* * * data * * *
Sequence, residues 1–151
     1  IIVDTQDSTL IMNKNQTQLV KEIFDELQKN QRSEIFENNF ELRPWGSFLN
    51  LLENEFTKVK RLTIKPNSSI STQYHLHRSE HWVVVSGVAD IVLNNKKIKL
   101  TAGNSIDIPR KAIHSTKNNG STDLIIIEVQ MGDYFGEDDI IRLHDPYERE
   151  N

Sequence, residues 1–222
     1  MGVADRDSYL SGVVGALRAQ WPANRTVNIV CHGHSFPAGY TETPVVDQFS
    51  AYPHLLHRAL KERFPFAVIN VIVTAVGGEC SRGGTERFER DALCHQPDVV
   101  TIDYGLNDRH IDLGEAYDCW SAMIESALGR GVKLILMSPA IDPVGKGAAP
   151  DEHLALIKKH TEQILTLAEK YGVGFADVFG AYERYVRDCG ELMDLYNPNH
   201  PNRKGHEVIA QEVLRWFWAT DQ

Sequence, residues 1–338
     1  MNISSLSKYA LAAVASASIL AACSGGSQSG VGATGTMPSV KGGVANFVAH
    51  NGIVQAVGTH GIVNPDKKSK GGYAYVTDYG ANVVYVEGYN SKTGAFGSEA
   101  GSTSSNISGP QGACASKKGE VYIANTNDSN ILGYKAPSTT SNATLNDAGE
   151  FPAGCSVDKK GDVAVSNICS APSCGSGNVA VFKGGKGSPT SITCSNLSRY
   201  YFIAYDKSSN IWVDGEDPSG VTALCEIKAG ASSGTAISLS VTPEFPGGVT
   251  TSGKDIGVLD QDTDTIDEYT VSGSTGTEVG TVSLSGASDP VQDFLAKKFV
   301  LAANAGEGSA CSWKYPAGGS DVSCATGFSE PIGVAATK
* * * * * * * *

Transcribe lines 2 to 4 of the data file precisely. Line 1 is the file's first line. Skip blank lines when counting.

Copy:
     1  IIVDTQDSTL IMNKNQTQLV KEIFDELQKN QRSEIFENNF ELRPWGSFLN
    51  LLENEFTKVK RLTIKPNSSI STQYHLHRSE HWVVVSGVAD IVLNNKKIKL
   101  TAGNSIDIPR KAIHSTKNNG STDLIIIEVQ MGDYFGEDDI IRLHDPYERE